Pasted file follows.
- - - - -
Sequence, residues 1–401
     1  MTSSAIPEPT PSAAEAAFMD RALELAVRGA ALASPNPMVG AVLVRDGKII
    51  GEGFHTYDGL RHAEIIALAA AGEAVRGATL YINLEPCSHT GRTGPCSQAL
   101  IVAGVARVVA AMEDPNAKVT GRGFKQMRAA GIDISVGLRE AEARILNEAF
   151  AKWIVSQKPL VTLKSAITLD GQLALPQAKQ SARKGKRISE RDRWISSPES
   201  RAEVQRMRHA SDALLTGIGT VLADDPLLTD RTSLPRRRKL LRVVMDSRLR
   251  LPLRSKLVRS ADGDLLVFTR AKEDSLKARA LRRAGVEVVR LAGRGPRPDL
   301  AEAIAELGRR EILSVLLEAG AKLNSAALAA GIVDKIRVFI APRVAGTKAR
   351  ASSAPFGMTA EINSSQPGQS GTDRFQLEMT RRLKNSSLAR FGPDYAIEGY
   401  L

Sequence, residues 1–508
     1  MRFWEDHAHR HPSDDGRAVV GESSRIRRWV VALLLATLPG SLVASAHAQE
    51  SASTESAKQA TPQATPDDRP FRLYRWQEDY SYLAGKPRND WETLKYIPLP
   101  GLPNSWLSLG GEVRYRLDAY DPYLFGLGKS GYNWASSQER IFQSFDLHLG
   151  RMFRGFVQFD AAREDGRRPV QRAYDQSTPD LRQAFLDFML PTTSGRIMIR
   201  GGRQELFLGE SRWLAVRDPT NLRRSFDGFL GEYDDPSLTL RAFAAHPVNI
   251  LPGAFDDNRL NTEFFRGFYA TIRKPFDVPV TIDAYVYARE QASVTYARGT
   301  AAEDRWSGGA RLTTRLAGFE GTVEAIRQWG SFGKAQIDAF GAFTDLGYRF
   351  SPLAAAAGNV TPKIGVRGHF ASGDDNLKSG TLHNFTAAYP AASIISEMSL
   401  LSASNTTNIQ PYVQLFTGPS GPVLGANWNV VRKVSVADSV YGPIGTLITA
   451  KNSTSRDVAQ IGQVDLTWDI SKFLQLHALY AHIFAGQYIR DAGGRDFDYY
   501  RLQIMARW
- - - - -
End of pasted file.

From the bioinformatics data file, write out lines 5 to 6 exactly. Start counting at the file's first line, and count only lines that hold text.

   151  AKWIVSQKPL VTLKSAITLD GQLALPQAKQ SARKGKRISE RDRWISSPES
   201  RAEVQRMRHA SDALLTGIGT VLADDPLLTD RTSLPRRRKL LRVVMDSRLR